The question of whether small worm burdens may be helpful aside, it's also true that different zones have different worm problems, and these problems are to a large extent related to things like humidity, rainfall patterns (e.g. summer rain can cause worm explosions) and, gasp, shock, horror, minerals in the soil. Yet you don't hear forum wormer-pushers mentioning that minerals and paddock rotation matter when it comes to worms.

Coastal soils in areas with high summer rainfall are almost inevitably depleted in copper, cobalt and other minerals. Sheep raised coastally in these areas often succumb to barber's pole worm, which causes anaemia. However I know from keeping sheep in an area notorious for worm problems (Coffs Harbour, NSW) that frequent worming isn't necessarily the answer. In fact, one lamb that had succumbed to what appeared to be a high worm burden failed to respond to worming treatments at all. The vet decided the worms were possibly resistant, and kept applying different worming products. The poor lamb just got worse. His wool had stopped growing, he had dermatitis, was bone-thin and pot-bellied, and had bottle jaw (a swelling around the jaw caused by anaemia).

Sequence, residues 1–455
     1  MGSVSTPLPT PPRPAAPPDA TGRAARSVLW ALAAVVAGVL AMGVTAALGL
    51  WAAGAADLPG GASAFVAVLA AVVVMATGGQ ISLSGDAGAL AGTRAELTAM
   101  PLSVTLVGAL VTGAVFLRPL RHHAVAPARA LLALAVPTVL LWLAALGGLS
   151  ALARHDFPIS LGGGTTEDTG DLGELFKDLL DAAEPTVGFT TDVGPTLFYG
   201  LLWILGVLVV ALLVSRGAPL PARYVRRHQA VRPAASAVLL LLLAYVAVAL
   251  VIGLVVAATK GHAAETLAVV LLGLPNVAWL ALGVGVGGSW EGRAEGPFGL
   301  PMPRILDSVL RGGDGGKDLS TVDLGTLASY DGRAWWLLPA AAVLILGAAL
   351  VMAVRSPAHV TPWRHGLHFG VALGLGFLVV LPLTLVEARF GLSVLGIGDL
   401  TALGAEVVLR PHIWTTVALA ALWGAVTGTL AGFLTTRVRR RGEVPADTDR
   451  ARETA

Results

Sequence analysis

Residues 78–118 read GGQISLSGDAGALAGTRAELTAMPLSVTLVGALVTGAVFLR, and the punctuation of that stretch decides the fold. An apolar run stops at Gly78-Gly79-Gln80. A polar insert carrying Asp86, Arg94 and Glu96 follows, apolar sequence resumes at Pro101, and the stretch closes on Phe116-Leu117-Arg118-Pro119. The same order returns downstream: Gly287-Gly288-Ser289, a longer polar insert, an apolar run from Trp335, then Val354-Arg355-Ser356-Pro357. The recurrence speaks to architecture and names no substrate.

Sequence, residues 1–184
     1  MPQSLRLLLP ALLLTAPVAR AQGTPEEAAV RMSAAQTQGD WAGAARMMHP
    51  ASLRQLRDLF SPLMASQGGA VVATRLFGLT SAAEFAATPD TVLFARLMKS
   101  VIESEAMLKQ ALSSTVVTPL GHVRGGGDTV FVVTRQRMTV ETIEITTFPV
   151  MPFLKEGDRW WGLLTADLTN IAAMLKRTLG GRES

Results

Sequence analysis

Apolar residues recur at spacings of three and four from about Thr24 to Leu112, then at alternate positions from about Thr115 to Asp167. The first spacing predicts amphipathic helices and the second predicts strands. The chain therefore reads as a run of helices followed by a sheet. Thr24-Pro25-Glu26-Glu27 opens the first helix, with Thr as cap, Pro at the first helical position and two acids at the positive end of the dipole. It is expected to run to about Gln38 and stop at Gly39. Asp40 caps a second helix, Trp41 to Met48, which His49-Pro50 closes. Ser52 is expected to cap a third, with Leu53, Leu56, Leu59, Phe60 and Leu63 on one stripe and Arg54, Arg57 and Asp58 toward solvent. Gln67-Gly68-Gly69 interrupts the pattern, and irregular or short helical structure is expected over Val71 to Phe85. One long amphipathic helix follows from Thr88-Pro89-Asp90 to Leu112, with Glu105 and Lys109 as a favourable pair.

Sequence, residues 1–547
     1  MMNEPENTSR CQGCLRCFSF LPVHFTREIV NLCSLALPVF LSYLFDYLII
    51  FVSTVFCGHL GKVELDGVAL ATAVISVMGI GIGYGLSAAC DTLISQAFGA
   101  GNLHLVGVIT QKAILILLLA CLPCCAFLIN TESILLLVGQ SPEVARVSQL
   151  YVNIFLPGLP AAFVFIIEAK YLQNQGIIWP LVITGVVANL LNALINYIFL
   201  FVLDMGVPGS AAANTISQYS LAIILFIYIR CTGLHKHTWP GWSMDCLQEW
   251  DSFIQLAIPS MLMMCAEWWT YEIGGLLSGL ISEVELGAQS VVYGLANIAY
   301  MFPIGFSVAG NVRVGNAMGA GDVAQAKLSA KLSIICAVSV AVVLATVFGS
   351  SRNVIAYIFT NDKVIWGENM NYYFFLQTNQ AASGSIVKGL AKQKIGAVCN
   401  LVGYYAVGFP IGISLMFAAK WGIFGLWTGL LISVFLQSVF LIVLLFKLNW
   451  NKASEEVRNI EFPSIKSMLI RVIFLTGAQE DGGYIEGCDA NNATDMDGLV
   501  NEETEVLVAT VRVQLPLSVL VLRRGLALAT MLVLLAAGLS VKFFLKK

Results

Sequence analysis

I finally gave up on worming the poor fellow, and gave him injections of vitamin B-12 (effectively, cobalt) as well as drenches high in copper (mainly in the form of seaweed meal). Immediately — as in a matter of hours — I could see that his wool had begun to grow. He certainly had worms, but they weren't his main problem. He was susceptible to worms and had eroded gut lining because of copper-cobalt anaemia caused by poor soils, an insufficient mineral lick, and insufficient dietary protein.

After that terrible experience I began to keep my sheep entirely without worming, which is to say using a combination of paddock rotation, a copper-enriched mineral block, and a small amount of supplementary feed (barley, lucerne and lupins). This was only a short experiment (under 6 years) but it seemed to prove that, at the very least, an emphasis on minerals and protein could reduce the need for worming with harsh chemicals, and eliminate it in otherwise-healthy and well fed sheep.